A wave of mergers and acquisitions is moving through the industry, as utilities and financial players position for growth and strategic advantage. Will economic and regulatory forces continue...
Strategy Gurus: Managing Under Chaos
Post-Enron management philosophies for surviving uncertain times.
Chairman and CEO of Dynegy
"The real leaders are those that figure out how to get things done beyond what they could get done themselves."
Undergrad: Oklahoma State University, B.S. in business and economics
Board memberships: Dynegy. Founding member of the Natural Gas Council. Also serves on board of Interstate Natural Gas Association of America, Baker Hughes Inc., on the executive committee of Edison Electric Institute (EEI) and is on the board of trustees for the Baylor College of Medicine.
Earlier in Career: Director of Conoco
Market cap at end of 1Q 2002: $10.56 billion
P/E ratio at end of 1Q 2002: 12.83
Revenue 2001 : $42 billion
Net Income 2001: $648 million
Managing an energy company used to be so much simpler. Your company was called a utility, your earnings were regulated, and you didn't have to know how to deal with pesky little problems like mergers with a partner that you thought was worth the fire-sale price of $9 billion, but in reality was worth maybe $270 million. Maybe.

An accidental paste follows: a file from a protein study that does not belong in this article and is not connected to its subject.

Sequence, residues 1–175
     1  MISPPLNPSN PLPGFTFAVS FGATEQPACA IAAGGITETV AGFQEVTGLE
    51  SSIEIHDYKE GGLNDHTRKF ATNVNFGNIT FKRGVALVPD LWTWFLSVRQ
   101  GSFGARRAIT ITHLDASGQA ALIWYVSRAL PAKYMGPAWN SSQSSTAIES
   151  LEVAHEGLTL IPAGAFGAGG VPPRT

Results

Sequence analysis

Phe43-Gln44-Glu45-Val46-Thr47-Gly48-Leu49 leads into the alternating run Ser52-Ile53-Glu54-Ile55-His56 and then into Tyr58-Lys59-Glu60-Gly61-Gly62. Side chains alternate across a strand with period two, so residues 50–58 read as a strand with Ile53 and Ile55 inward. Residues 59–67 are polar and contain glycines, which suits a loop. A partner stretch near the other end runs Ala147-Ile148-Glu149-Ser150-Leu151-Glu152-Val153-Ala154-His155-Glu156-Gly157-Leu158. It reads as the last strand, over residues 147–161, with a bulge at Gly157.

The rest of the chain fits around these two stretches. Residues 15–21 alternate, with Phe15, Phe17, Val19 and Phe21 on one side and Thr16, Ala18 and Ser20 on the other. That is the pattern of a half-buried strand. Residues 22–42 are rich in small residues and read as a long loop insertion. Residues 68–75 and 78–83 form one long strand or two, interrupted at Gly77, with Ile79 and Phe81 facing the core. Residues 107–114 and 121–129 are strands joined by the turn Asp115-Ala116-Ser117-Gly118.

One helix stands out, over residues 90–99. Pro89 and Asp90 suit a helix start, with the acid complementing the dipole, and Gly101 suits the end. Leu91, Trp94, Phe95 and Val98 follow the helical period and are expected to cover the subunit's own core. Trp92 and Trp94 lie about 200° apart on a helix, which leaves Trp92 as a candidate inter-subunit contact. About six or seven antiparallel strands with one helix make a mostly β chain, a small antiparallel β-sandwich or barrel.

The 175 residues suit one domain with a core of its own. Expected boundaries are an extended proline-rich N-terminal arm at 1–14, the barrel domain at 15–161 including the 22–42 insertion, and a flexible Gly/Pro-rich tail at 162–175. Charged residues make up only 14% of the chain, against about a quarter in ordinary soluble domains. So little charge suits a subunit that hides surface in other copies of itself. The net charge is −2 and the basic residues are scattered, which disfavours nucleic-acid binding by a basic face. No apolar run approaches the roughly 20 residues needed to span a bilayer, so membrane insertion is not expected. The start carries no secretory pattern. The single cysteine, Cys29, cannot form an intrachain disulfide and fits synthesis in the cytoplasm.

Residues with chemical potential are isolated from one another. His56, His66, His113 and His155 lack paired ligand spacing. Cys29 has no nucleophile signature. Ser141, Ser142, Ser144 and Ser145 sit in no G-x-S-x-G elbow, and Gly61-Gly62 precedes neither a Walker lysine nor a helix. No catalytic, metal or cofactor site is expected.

Welcome to Chuck Watson's world. It may be more like your own world than you care to think.
From a meager staff of six in 1985, Watson has built Dynegy into a 6,600-employee company with a $9 billion equity market value in 2001, and a compounded growth rate of 45 percent. Yet, even with such impressive company performance, Watson has remained focused on what he calls the Dynegy vision: striving to be a leading global energy company respected for the manner in which it delivers value to stockholders. That philosophy, Watson says, is something he has had with him all along, and was formalized into a vision statement at Dynegy about two years ago. And, he says, it's a philosophy shared by all senior management at Dynegy.
Watson is a big believer that senior management must all buy into the same philosophy if the company is to be run consistently. At Dynegy, he says, most of the senior management has been together for years, and have "grown up" in the company with the same Dynegy vision that Watson espouses.
While vision statements are often maligned in the Dilbert-world of cubicles, companies with managers that truly walk the walk of their vision statements can improve not only employee trust, but also productivity, according to Marti Smye, president of coaching and executive development at Korn/Ferry International. When management is honest and open with its workforce, she says, performance usually improves. Smye says she has seen really big turnarounds in companies where the employees' attitudes were quite negative initially. To make such a dramatic change, she says, the CEO and the senior team made an honest, concerted effort to communicate not only company goals, but also why management was taking particular actions. "[T]he workforce is very forgiving. People do want to believe," she says. "Most people want to do a good job, whether they work to live or live to work," according to Smye. Moreover, she says,